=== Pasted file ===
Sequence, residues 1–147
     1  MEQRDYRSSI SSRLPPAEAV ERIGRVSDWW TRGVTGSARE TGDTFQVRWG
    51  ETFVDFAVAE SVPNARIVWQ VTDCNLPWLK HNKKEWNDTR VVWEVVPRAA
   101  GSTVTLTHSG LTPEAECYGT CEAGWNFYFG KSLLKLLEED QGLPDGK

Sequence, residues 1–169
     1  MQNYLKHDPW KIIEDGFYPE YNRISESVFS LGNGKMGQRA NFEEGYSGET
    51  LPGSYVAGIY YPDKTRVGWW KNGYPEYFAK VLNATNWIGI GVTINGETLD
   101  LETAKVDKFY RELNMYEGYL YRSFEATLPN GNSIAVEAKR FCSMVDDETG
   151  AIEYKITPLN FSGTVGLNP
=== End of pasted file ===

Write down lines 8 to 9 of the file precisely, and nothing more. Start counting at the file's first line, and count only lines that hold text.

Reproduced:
   101  LETAKVDKFY RELNMYEGYL YRSFEATLPN GNSIAVEAKR FCSMVDDETG
   151  AIEYKITPLN FSGTVGLNP